A perfect example of this transition can be seen in a video on YouTube by the Australian band Sick Puppies. Shot by the band’s drummer, it features a well-known character, Juan Mann, who inhabits Sydney’s Pitt Street mall, bearing a sign reading “Free Hugs.” The band befriended this unlikely character, and shot hours of video of him at work, giving free hugs to passers-by. While in Los Angeles, pursuing a recording deal, the drummer cut his footage into a three minute film, then added one the band’s song “All The Same” as a temp track. Thinking to share his work around, he uploaded the video to YouTube on the 26th of September, and told his friends. Who told their friends. Who told their friends. YouTube is particularly good at “viral” distribution of media – it’s the one thing they’ve gotten absolutely right – so, within three week’s time, that little hand-made video had been viewed well over three million times. Sick Puppies are now on the map; their music video has given them a worldwide fan base. A debut album on a major label – expected early next year – will complete their transformation from amateurs to professionals.
Salience determines whether an audience will gather around and share media, not production values. In the time before hyperdistribution, audiences had a severely limited pool of choices, all of them professionally produced; now the gates have come down, and audiences are free to make their own choices. When placed head-to-head, can a professional production of modest salience stand up against an amateur production of great salience? Absolutely not. The audience will always select the production which speaks to them most directly. Media is a form of language, and we always favor our mother tongue.
The future for YouTube lies with the amateurs, not with the professionals. Cuban misses the point entirely, assuming that the audience will behave as it always has. But this is not that audience; this is an audience which has essentially infinite choice, and has come to understand that the sharing of media is an act of production in itself – that we are all our own broadcasters.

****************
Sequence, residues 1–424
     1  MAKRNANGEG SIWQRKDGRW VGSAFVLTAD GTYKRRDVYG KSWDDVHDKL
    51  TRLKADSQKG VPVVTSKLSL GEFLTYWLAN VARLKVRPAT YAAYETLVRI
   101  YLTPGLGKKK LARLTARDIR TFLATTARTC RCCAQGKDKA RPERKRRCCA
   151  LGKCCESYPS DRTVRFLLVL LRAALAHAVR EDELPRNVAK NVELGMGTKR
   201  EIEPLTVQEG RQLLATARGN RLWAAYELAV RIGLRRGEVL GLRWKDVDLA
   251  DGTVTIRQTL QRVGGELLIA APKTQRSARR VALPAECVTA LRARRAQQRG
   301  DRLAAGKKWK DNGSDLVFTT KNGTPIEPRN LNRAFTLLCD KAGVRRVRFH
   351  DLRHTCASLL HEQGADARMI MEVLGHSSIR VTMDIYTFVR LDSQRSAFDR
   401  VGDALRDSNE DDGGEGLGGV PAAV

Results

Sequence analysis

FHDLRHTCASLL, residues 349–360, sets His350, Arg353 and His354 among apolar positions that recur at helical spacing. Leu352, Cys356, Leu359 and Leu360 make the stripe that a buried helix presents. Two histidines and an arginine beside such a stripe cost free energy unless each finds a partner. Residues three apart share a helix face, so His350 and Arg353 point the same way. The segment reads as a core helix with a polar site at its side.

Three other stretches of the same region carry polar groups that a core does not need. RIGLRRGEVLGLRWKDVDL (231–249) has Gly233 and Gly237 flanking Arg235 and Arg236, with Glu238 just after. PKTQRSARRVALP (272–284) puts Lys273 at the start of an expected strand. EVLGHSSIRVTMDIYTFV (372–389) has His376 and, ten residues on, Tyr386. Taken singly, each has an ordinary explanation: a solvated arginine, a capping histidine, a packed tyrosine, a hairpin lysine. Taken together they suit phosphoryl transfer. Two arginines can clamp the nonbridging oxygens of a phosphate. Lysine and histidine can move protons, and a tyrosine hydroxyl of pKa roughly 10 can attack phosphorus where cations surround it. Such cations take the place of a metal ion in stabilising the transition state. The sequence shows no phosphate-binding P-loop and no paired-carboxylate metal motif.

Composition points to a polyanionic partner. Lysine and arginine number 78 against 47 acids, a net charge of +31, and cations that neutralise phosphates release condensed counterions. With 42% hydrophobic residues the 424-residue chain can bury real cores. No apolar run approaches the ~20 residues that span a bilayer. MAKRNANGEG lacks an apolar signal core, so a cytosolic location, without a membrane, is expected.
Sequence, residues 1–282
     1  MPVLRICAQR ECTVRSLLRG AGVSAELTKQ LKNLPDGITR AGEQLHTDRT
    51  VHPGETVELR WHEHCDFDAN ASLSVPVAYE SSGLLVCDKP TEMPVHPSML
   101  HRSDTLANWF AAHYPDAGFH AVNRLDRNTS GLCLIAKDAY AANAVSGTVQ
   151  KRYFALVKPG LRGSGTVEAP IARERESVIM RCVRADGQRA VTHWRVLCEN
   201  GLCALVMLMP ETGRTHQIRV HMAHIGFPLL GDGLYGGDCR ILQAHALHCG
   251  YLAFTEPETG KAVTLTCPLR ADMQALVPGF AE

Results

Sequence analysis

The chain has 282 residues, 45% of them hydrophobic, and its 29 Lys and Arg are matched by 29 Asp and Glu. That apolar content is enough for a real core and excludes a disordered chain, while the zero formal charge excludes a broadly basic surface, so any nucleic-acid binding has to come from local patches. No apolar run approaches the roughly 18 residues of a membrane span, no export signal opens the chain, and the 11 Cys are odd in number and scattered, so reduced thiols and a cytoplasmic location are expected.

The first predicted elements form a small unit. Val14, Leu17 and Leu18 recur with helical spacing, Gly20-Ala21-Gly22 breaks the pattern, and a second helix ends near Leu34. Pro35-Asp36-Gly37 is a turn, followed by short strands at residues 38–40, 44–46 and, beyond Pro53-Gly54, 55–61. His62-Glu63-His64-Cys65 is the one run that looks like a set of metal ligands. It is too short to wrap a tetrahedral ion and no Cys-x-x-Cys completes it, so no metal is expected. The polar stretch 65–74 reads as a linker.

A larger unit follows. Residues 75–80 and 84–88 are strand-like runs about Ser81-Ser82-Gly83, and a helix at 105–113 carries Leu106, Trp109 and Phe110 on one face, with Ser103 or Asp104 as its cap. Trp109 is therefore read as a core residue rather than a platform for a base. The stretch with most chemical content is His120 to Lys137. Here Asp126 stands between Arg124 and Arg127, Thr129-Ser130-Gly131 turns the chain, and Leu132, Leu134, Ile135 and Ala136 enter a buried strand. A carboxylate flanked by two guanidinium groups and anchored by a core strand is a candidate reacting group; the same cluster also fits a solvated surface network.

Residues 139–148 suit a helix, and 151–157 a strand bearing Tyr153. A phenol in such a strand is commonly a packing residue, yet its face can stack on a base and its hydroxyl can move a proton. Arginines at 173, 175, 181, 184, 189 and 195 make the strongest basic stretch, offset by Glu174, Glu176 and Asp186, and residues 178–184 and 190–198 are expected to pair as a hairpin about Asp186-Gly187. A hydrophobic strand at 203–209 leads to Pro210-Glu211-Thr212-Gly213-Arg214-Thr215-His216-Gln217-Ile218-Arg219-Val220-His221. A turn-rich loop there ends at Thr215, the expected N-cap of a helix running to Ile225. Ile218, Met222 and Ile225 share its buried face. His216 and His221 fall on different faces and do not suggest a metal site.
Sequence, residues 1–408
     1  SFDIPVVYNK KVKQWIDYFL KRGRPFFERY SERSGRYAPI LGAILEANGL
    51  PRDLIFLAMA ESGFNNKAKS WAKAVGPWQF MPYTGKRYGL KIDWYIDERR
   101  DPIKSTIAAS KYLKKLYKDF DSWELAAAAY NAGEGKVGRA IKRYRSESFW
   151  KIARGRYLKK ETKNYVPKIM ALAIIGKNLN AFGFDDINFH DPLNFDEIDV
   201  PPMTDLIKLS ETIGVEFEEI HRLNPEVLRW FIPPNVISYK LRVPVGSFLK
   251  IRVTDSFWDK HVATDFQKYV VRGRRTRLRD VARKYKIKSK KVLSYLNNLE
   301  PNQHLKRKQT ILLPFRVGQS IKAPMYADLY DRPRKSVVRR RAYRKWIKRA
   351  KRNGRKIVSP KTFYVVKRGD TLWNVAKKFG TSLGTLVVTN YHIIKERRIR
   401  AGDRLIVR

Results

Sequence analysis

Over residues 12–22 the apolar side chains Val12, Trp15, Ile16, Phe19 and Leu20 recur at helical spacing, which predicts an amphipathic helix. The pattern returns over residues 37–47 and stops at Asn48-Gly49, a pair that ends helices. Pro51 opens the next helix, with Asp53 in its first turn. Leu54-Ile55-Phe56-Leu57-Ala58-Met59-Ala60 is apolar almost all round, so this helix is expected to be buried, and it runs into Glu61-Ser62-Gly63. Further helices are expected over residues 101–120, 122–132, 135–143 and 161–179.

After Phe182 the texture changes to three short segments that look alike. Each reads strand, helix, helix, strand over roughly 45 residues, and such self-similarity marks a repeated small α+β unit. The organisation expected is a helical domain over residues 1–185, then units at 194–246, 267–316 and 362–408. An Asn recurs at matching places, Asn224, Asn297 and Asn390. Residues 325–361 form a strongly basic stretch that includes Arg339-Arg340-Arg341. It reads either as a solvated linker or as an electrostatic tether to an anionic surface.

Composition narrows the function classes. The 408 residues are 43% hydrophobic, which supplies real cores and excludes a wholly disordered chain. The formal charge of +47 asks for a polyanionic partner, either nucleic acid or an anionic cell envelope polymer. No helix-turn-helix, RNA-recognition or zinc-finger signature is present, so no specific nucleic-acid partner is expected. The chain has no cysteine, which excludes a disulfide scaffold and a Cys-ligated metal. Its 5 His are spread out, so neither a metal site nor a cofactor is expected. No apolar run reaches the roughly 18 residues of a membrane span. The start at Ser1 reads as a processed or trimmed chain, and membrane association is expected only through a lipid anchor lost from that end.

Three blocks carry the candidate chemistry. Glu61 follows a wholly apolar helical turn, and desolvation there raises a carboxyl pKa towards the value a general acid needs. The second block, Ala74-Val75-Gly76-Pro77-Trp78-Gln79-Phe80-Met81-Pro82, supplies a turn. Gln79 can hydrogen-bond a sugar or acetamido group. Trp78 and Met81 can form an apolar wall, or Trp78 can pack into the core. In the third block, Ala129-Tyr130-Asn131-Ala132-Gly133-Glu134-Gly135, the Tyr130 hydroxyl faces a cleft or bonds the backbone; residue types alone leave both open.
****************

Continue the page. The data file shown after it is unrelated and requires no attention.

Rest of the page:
And you’d have to be a moron to miss that.
III. The Epidemiology of Cool
We know why YouTube has had such an incredible string of successes; the site makes it easy to share a video with your friends, and for those friends to share that videos with their friends, and so on. The marketers call this “viral distribution,” but we know it by another and rather more prosaic name – friendship. As an inherently social species, we are constantly reinforcing the our social connections through communication. It could be an IM, a text message, an email, a phone call, or a video – it’s all the same to the enormous section of our forebrains that we use to process the intricacies of our social relationships. We share these things to tell our friends that we’re thinking of them – and, rather more competitively, to show our friends that we’re on the tip. Each of us are coolfinders (some of us do it professionally), and we each keep a little internal thermometer which measures our own cool against that of our peers. That innate drive to be recognized for our tastes has been accelerated to the speed of light by the network. Now, even as we coolfind, we are constantly inundated and challenged by the coolfinding of our peers. It’s produced a very healthy, if ultra-Darwinian, ecology of cool. Our peers are the selection pressure as we struggle to pass our memes on to the next generation.